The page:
Photograph of tomb wall painting
featuring a Khitan horseman and his steed
Mid-Liao dynasty, c. 11th c
From Tomb #1 at Beisanjia Village Site
Aohan Banner, Chifeng Municipal District
Image courtesy of the Inner Mongolian Museum, Huhehaote (copyright reserved)
This painting was found on the wall of a tomb located near the site of Shangjing, literally "Upper Capital," the central administrative city of the Liao dynasty. This tomb, known as Tomb #1, was discovered after it was partially exposed in the aftermath of an intense rain storm. It was created for the burial of a Khitan man and his wife (possibly the high official Xiao Quli, who married Zhigu, the daughter of the dynasty's founder Yelu Abaoji). Inscriptions dating the tomb to 959 make it the oldest of the Liao-era tombs excavated in Inner Mongolia.1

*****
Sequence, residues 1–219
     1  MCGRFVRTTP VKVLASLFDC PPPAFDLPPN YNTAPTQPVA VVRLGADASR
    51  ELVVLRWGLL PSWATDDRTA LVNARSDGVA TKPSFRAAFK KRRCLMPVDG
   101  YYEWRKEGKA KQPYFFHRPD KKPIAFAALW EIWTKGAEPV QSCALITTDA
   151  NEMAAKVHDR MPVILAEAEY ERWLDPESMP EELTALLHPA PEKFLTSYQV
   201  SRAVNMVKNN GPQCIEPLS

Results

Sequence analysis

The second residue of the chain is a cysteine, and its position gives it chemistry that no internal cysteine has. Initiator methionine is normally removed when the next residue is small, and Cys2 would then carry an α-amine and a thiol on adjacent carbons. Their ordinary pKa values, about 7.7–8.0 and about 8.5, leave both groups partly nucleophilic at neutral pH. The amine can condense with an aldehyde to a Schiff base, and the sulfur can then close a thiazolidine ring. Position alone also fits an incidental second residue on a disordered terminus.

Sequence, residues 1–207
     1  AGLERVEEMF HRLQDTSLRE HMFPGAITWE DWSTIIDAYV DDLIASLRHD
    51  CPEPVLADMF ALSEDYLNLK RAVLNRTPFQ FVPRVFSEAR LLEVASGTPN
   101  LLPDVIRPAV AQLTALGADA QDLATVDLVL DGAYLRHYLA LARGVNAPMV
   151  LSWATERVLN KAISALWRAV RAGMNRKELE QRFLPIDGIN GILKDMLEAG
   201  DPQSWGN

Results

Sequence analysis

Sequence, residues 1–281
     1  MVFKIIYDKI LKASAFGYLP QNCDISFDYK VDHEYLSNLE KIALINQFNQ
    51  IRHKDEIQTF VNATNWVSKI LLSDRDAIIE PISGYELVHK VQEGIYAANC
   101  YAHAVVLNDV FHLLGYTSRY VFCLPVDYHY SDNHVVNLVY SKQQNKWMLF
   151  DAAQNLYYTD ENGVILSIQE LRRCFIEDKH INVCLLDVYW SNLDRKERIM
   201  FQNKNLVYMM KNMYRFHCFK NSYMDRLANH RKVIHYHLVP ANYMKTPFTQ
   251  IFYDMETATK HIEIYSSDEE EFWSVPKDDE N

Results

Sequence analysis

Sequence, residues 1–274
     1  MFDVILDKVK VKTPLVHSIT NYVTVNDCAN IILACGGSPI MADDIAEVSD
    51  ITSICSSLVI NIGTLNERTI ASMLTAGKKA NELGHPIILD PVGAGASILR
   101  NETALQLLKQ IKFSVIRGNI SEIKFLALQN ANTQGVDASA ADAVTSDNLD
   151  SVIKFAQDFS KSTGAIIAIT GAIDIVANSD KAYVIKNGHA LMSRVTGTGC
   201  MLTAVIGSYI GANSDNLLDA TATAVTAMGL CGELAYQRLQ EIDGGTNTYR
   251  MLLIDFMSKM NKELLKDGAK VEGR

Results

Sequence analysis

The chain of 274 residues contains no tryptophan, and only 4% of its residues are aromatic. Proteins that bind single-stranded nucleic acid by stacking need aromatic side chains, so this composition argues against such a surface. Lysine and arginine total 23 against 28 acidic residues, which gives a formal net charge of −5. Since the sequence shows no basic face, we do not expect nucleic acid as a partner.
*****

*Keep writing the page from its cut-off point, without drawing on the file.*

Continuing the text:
The tomb painting features a Khitan warrior leading his mount, and accompanied by a man of smaller stature, who appears to be beating a drum. The painting subject is dressed in a manner quite distinctive from contemporaneous Song aristocrats in his high boots and long tunic, along with his shaved pate and short plaits of hair descending from his temples. The image of both this man and his horse are well preserved. This fact, along with large amount of horse harnesses and fittings found among the over 2000 objects excavated from this site, give us a clear picture of the importance of horse-riding culture among the Khitan, as well as specific manner of equipment they utilized. The extremely high quality of the craftsmanship that went into making the fittings preserved in the tomb, along with the nature of the designs, indicate that most of the work was completed by Chinese craftsmen.
(1) This and all other information on Tomb #1 at Beisanjia included in this entry is taken from Adam T. Kessler, Empires Beyond the Great Wall: The Heritage of Genghis Khan (Los Angeles: Natural History Museum of Los Angeles County, 1993), p. 97.